Get to know east Portland better at Sunday Parkways

Brand new route.

If you care about bicycling in Portland and want to see its benefits spread across the social, racial and economic divisions that exist in this city, you should consider taking part in Sunday Parkways this weekend.

That’s because the Portland Bureau of Transportation has put together a brand new route that will highlight neighborhoods, commercial districts and parks east of I-205 and just south of I-84. This is a place about eight miles northeast of city hall that looks and feels much different than the central city. The streets are wider and people drive faster (and more people get hurt and killed on them as a result), there isn’t a bike shop on every corner, and you won’t find nearly as much bike-specific infrastructure.


People on Bikes - East Portland-8-2

Times are changing in east Portland and PBOT has a goal of tripling the number of bike riders in this area in the next three years. As we reported back in February, Portland was one of 10 cities selected to be part of the “Big Jump” program run by national nonprofit People for Bikes. Dubbed “Gateway to Opportunity” the effort will center around the Halsey-Weidler couplet in the Gateway area and will be supplemented by a promise of “nearly $20 million” of investment in biking and walking infrastructure. PBOT says they’ll build around 39 miles of bikeways with that money and do it with the design and marketing expertise of People for Bikes — not to mention the $200,000 a year for three years that comes with the Big Jump grant.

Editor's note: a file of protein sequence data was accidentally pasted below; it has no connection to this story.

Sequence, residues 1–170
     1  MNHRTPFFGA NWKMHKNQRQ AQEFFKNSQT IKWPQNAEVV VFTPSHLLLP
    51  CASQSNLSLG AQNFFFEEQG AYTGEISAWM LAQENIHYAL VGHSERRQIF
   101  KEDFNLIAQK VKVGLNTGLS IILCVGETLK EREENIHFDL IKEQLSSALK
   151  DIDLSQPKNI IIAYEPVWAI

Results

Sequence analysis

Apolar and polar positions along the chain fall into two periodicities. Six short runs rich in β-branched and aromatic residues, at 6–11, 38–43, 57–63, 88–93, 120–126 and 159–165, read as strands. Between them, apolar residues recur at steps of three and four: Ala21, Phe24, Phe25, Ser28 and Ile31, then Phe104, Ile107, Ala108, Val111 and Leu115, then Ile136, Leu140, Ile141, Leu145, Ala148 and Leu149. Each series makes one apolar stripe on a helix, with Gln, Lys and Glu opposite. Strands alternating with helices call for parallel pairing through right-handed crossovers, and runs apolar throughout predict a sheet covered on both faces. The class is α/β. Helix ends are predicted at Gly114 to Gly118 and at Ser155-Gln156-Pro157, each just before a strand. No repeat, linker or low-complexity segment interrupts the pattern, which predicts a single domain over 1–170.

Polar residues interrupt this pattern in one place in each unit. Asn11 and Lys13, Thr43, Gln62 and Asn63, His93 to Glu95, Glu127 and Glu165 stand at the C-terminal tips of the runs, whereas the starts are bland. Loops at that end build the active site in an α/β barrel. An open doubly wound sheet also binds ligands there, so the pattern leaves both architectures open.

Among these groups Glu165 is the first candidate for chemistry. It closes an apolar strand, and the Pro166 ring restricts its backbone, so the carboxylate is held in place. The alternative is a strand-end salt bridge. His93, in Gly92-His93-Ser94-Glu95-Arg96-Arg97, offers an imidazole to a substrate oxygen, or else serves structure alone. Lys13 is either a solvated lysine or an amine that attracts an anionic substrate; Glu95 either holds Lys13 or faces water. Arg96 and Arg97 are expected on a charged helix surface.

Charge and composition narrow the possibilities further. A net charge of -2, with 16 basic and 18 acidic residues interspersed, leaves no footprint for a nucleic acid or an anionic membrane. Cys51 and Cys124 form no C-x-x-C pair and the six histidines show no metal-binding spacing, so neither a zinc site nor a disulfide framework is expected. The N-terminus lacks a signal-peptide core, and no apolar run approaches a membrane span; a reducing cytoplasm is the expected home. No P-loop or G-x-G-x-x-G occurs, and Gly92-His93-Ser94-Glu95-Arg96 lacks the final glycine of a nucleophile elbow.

But be advised: As we’ve seen in the past, bike-related infrastructure changes are not greeted with open arms by everyone. The small Mid County Memo newspaper reported last week on a “rift” has already formed between Gateway businesses and PBOT over plans to update to the Halsey-Weidler couplet. Hopefully Sunday Parkways will be an opportunity for people to discuss the project and get to know each other better.


For the protected bikeways on Halsey-Weidler to work, PBOT must first get people from surrounding neighborhoods onto them. This is where the new — and already funded — 130s neighborhood greenway comes in (see below). When built it will run north-south along the 130s between the existing I-84 path and the Springwater Corridor near Foster Road. You’ll be able to ride the 130s corridor on Sunday.

130s neighborhood greenway. (Sorry such bad image quality. I don’t have an electronic copy.)

And while you’re out there, don’t miss these special happenings:

➤ PBOT is partnering with Portland Parks & Rec on a back-to-school drive. Bring your supplies to Knott Park between 11 am and 4 pm. They are looking for new or lightly used: backpacks, binders, notebooks, scissors, index cards, pens, pencils, erasers, and such.

➤ The Adaptive Biketown bike shop partner, Kerr Bikes, will be at the East Holladay Park Activity Area (along NE Holladay St. between NE 128th Ave and NE Pacific St.) with a number of the bicycles that are being used in the Adaptive Biketown pilot project.

➤ Stop by the Propel Gateway booth at Hazelwood HyrdoPark to learn more about their project to create a new identity for the Gateway District.